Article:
Above the brim

Do you remember the Frost poem, “Birches”? I was that

boy too far from town to learn baseball,
Whose only play was what he found himself,
Summer or winter, and could play alone.
One by one he subdued his father’s trees
By riding them down over and over again
Until he took the stiffness out of them,
And not one but hung limp, not one was left
For him to conquer. He learned all there was
To learn about not launching out too soon
And so not carrying the tree away
Clear to the ground. He always kept his poise
To the top branches, climbing carefully
With the same pains you use to fill a cup
Up to the brim, and even above the brim.
Then he flung outward, feet first, with a swish,
Kicking his way down through the air to the ground.

I learned to do that in my late teens, not with the white birches Frost had in mind, but with black birch and red maple saplings, neither of which were in short supply on this mountain. But I confess, it was the poem that put the idea in my head. Frost’s language was just accurate enough to provide all the direction I needed.

I used to climb trees a lot back then, but I don’t think it ever would have occurred to me on my own to purposely shimmy up a thirty-foot-tall tree that couldn’t quite support my weight. A few feet from the top it would start to tip. That’s when I’d turn and, facing outward, reach above my head, put the thin trunk in a stranglehold and leap. If the tree was the springy sort and I hadn’t miscalculated, it would bend gracefully and give me a good, swift ride back to earth. But sometimes it would snap and I’d land in a heap with half the tree on my head. I guess it helped that I was thick-skulled and only weighed 150 pounds. Just enough to be a living hell on birches, and not a dead one.

Do you remember the first time you realized, as viscerally as you can know anything, that words are, in the end, unsuited for carrying any burden but their own flowering, their individual crops of fruit or mast? Christmas of 1986 was a strange time. First came a visit from my long-distance girlfriend, then a visit from my brother’s. Both women were beautiful and had unique, vaguely angelic names to match. Break-ups were imminent in both cases, but that didn’t stop these two young women during their one day of overlap from taking each other’s measure in a not-so-subtly competitive way that all of us would later remember as hilarious.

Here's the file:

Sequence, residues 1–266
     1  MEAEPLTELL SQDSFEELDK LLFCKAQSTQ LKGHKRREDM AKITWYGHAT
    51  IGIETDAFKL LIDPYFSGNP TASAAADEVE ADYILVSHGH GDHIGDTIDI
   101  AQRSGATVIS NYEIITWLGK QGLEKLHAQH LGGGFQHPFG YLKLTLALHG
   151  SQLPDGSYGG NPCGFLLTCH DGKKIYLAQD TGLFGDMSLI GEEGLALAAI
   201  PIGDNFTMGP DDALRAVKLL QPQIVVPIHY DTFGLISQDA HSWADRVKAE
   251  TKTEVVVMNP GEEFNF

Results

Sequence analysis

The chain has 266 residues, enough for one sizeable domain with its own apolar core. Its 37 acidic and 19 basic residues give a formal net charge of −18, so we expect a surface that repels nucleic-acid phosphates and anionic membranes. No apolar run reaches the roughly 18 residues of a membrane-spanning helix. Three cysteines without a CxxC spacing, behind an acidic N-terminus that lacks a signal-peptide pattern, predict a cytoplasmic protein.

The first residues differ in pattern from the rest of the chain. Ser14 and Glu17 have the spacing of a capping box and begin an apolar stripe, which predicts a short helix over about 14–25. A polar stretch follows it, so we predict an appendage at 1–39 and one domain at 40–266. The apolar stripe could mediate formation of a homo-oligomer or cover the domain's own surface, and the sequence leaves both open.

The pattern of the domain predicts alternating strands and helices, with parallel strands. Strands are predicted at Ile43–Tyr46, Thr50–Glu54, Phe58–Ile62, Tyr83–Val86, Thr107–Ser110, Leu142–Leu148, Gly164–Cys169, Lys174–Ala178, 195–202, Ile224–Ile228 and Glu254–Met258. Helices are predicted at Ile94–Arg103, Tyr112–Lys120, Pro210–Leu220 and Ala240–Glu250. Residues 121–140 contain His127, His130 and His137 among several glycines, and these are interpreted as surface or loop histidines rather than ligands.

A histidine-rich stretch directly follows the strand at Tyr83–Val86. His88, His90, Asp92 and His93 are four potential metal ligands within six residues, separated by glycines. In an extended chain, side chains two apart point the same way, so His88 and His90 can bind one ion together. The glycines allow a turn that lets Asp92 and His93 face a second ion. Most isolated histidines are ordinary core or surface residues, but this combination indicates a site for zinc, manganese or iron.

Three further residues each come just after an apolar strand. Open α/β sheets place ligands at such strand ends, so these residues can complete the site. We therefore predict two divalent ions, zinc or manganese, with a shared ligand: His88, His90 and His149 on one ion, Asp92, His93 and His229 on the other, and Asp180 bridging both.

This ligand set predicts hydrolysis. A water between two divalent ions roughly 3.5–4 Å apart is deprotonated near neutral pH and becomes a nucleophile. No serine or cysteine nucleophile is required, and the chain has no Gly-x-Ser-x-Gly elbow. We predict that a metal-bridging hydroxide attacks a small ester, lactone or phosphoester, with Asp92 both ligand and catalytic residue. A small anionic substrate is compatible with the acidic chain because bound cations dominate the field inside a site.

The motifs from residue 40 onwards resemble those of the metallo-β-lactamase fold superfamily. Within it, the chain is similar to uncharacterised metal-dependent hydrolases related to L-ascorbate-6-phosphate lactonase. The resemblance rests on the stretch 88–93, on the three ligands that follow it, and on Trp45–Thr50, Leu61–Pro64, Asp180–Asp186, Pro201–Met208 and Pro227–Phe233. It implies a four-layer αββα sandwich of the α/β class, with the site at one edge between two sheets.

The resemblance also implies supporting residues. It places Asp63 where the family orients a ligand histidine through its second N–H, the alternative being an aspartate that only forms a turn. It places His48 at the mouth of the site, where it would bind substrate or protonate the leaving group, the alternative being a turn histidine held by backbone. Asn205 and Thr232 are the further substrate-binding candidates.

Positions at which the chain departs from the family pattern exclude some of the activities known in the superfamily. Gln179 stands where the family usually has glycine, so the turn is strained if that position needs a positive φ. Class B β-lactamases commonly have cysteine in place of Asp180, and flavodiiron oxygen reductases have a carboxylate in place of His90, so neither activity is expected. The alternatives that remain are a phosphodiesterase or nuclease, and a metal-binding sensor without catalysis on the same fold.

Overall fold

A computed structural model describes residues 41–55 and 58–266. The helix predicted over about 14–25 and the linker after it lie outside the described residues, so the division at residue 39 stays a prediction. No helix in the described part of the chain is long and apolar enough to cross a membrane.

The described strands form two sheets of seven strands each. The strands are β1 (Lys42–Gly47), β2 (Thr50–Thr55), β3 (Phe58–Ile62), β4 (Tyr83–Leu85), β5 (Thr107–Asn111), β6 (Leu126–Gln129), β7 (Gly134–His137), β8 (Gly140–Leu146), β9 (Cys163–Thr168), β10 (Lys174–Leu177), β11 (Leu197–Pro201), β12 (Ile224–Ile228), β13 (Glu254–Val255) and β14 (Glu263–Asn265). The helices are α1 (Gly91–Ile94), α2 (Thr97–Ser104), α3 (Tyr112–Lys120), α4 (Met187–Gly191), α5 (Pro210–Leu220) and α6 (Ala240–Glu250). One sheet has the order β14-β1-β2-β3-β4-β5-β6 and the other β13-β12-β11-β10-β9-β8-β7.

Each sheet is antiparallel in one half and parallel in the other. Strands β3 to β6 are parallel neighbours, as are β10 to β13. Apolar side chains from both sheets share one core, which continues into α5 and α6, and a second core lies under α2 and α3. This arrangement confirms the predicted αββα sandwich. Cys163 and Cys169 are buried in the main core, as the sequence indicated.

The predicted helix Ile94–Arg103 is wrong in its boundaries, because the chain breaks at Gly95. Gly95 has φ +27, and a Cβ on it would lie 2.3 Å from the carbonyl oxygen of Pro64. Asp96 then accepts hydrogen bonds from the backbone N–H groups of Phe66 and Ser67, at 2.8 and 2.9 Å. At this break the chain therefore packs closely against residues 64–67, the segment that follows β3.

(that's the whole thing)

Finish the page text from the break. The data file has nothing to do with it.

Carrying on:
Such heaps of broken glass to sweep away
You’d think the inner dome of heaven had fallen.

I was nearing the end of my 21st year on the planet, and life seemed, by and large, a sweetly tragic affair that required much too much effort to make go. Some Caesar or another was always decreeing that all the world should be taxed. You go for a walk in the woods and you have two basic choices, it seemed to me then: out and back, or a big circuit. I remember the desperate energy with which I scrambled up one poor sapling after another, launched myself into space and returned more rapidly than I might have wished to the brown, unfrozen ground, until one day shortly after Christmas when the snow finally came and covered everything.

Posted in ,
Dave Bonta (bio) crowd-sources his problems by following his gut, which he shares with 100 trillion of his closest microbial friends — a close-knit, symbiotic community comprising several thousand species of bacteria, fungi, and protozoa. In a similarly collaborative fashion, all of Dave's writing is available for reuse and creative remix under a Creative Commons Attribution-ShareAlike 3.0 United States License. For attribution in printed material, his name (Dave Bonta) will suffice, but for web use, please link back to the original. Contact him for permission to waive the "share alike" provision (e.g. for use in a conventionally copyrighted work).

Leave a Reply